Pressure is a word that is often thrown into a conversation about sports. Even though athletes might say that pressure is put on them from their coaches, teammates, and/or parents, ultimately the athlete is in charge of whether or not they accept the pressure or remain relaxed and confident. While it is easy to say that an athlete should reject the pressure and remain relaxed, it can be easier said than done.
When an athlete accepts the pressure, they will experience anxiety factors that will interfere with their ability to perform at optimal levels. Physical tightness prevents an athlete from getting into the zone because they are fighting their body’s muscle memory, which leads to errors, and ultimately higher levels of pressure! The physical response to pressure is not the only area that can interfere with performance; mental focus often becomes affected by pressure as well.
Typically, when an athlete is performing under pressure, they are focused on the outcome of the competition, which in previous blogs has been discussed as problematic. When an athlete is not in the present, they are unable to attend to the factors impacting their performance in the moment, which also leads to avoidable errors. Athletes need to keep their attention from the outcome and stay in the here-and-now. Some athletes might argue that by not attending to the outcome of the performance, they are not adequately setting goals; however, an athlete can set goals and remain present focused. Instead of focusing on the larger goal, an athlete can set smaller goals that improve the process of their performance. So instead of a golfer saying that he wants to shoot 5 below par in a given tournament, he/she could focus on their drives and putts being accurate while attending to the process of doing so.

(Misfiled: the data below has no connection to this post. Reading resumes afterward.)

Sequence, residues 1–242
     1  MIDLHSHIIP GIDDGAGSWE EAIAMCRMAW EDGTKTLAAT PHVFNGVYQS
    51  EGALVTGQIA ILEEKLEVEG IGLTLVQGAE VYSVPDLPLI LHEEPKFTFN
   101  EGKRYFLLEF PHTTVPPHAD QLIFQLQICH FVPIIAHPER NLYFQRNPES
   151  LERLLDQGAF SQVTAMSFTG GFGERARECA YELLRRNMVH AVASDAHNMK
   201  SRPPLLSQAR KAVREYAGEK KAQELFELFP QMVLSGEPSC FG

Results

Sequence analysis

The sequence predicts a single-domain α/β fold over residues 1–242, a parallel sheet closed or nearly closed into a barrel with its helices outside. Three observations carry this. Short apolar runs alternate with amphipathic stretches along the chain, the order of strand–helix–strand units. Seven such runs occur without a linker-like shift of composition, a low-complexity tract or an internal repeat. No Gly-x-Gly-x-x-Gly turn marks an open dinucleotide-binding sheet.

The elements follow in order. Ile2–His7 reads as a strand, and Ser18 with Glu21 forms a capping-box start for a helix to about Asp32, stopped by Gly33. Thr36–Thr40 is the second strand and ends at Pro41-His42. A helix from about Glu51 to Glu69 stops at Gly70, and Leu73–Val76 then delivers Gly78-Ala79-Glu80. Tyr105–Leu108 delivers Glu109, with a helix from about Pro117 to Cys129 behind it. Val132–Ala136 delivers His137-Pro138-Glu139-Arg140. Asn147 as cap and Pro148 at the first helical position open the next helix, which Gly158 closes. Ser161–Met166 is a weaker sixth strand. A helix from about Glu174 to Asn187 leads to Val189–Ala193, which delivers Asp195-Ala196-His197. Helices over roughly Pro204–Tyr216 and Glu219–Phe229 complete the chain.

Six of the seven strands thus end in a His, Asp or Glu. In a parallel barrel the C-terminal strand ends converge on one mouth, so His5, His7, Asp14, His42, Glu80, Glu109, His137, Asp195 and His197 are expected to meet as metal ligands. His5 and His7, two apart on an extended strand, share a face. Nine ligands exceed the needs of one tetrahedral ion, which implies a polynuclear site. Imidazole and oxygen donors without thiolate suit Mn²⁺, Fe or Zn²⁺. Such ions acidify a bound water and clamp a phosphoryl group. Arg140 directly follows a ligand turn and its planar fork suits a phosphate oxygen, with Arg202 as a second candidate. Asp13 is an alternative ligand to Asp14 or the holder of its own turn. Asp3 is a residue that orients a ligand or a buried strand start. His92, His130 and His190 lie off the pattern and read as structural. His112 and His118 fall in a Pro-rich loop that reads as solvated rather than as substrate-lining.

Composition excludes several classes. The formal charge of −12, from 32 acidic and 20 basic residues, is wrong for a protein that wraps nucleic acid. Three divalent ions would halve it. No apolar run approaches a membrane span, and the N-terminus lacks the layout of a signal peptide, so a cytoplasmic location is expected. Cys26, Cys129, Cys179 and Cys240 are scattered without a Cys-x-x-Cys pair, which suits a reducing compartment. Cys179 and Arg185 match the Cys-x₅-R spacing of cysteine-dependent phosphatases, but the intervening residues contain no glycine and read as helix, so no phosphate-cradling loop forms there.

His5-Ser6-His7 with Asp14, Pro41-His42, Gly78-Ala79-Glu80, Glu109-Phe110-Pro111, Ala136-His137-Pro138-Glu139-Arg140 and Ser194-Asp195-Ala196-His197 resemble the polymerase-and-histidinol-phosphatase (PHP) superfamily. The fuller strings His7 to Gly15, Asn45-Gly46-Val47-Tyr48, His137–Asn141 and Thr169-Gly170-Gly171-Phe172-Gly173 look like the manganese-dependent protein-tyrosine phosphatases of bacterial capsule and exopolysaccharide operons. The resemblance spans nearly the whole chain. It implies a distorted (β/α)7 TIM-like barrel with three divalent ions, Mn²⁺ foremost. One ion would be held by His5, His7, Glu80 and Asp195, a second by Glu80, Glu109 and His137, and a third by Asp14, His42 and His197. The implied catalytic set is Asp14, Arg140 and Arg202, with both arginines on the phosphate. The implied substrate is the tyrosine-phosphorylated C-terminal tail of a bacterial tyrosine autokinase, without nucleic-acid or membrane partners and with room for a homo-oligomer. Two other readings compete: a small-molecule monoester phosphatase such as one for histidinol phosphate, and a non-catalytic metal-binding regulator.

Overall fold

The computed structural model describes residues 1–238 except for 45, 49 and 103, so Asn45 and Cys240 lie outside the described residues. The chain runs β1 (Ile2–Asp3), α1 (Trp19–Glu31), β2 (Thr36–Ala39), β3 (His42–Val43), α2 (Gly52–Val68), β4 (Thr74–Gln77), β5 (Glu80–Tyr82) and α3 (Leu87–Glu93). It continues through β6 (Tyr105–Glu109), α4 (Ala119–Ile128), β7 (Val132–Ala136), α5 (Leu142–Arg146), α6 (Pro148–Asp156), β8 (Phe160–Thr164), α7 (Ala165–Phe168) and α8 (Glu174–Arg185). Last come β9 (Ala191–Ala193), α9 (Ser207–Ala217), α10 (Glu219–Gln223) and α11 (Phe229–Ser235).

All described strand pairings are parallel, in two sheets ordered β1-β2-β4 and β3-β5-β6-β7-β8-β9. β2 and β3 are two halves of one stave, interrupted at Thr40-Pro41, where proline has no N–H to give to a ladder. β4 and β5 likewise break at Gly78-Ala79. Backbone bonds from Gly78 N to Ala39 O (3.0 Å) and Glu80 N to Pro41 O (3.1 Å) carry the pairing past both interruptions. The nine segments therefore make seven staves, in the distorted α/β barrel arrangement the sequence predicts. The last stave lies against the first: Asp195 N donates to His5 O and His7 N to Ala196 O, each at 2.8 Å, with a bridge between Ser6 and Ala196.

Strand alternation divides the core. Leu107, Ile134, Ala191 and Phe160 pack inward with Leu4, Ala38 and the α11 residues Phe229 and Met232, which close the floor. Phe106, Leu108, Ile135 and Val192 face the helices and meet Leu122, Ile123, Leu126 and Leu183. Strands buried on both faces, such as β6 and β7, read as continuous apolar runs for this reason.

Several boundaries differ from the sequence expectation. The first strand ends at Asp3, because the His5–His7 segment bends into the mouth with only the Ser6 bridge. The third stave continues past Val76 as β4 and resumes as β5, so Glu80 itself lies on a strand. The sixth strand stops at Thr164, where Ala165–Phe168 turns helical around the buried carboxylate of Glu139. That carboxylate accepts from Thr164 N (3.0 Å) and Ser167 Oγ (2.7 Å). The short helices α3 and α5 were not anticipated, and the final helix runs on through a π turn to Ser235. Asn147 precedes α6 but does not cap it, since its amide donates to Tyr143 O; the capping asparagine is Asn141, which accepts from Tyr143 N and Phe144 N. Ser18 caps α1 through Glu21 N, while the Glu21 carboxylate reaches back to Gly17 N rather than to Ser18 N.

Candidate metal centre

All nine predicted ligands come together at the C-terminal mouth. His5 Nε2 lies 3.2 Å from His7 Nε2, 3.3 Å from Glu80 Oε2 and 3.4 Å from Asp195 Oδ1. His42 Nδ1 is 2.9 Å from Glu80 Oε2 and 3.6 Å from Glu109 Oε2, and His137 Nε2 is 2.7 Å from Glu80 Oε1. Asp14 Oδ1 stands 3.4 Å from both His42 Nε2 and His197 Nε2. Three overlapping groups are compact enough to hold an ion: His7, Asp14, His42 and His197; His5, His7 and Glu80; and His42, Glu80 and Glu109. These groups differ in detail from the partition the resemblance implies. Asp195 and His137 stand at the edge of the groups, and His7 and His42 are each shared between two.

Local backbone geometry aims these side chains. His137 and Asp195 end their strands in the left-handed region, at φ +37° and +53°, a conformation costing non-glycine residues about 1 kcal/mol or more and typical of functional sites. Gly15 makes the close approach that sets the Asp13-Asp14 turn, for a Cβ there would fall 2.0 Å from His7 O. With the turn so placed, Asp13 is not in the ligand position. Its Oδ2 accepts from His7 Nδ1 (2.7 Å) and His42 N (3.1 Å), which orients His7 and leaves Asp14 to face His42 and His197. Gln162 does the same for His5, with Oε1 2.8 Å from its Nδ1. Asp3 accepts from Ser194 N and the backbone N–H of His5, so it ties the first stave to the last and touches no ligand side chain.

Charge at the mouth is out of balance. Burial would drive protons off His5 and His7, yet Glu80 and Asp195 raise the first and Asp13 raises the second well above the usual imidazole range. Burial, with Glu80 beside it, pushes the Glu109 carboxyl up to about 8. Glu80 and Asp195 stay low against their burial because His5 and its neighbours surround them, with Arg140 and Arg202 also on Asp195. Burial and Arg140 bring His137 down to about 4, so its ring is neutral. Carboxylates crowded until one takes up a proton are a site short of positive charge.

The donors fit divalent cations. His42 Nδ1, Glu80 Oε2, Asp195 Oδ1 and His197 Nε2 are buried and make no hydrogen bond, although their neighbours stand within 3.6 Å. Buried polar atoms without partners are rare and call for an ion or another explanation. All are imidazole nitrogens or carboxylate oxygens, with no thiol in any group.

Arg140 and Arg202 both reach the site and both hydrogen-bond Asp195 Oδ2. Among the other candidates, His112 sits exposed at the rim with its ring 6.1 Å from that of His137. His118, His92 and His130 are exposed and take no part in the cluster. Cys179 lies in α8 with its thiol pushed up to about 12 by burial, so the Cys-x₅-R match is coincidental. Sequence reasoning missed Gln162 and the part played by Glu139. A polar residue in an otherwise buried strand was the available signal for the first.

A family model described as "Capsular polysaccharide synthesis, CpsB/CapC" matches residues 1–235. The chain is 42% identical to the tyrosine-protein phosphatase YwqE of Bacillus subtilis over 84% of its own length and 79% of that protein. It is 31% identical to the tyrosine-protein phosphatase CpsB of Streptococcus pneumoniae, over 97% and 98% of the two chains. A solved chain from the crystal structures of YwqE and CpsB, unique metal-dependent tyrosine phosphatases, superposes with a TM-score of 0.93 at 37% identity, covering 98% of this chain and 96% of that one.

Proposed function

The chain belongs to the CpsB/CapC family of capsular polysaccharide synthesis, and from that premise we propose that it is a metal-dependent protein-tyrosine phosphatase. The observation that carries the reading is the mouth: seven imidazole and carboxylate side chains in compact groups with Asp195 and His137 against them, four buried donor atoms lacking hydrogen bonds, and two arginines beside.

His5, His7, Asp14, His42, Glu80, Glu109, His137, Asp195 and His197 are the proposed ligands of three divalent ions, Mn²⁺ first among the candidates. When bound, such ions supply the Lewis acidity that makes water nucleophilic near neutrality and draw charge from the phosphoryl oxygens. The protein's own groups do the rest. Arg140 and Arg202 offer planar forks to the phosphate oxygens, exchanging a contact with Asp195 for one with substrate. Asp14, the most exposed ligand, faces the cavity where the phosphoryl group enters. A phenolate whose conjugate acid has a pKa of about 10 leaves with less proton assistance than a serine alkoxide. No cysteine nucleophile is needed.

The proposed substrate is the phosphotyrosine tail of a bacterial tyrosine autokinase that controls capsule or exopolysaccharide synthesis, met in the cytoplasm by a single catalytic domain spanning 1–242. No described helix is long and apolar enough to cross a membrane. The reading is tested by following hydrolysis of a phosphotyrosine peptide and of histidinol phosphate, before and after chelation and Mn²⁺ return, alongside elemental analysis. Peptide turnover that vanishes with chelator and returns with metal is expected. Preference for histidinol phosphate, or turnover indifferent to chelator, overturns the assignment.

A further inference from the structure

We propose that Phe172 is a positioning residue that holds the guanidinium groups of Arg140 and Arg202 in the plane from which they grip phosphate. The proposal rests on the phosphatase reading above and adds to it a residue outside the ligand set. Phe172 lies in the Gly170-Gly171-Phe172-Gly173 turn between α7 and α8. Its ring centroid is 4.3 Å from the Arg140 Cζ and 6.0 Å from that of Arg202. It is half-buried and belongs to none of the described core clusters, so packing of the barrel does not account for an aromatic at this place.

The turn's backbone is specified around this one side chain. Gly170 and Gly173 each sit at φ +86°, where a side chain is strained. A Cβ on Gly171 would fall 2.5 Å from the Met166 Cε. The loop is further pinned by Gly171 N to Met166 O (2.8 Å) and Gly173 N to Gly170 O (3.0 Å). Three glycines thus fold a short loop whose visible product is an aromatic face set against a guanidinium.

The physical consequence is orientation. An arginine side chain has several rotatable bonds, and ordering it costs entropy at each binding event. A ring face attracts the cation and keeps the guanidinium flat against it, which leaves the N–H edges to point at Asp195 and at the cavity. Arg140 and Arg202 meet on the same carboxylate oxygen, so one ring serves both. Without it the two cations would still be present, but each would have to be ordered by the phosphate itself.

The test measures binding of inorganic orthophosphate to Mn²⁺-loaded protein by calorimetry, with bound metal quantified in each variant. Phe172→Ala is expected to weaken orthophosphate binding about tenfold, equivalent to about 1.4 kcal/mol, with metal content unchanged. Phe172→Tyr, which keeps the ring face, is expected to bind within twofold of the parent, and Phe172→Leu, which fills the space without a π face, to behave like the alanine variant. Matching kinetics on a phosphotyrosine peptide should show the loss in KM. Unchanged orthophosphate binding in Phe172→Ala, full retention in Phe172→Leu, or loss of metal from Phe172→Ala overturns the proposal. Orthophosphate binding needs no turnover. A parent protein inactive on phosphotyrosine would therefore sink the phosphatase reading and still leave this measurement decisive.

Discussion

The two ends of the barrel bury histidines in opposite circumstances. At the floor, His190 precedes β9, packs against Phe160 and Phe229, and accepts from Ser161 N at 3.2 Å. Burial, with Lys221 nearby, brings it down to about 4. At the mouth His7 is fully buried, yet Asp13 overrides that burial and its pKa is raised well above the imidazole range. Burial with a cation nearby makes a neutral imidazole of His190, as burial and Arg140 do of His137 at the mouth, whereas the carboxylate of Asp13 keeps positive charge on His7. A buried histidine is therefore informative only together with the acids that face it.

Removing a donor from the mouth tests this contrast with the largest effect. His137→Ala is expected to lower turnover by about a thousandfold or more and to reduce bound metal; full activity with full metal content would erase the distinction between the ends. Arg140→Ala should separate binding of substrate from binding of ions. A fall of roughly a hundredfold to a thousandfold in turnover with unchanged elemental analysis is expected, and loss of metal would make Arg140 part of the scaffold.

Finally, when experiencing pressure in their performance, the athlete often focuses their attention externally, which can exacerbate any anxiety they are experiencing. For example, if the athlete is feeling the pressure due to tough competition, and is focused on the performance of their opponent, they will feel defeated and nervous; however, an athlete cannot control how their opponent performs, only how they themselves will perform. An athlete needs to be sure that they keep their attention focused more internally on the factors that are under their control. This will help alleviate the pressure and increase confidence during the performance.
Relaxation and confidence are essential for optimal performance. Be sure you are putting yourself in the right frame of mind so you are not standing in your own way! MVP Mentality Sports Psychology is a specialized sports psychology group that focus only on athletes. Our sports psychology approach is based on Neurofeedback therapy. Studies have shown tremendous improvements in athletes of all ages and levels. Call MVP Mentality Sports Psychology today at 954-317-0551 or contact us online to learn how we can help you!
NFL looking into hiring Sports Psychologist?
February 2, 2013
The Locker Room Magazine featured Dr. Hennessy's article : The Zone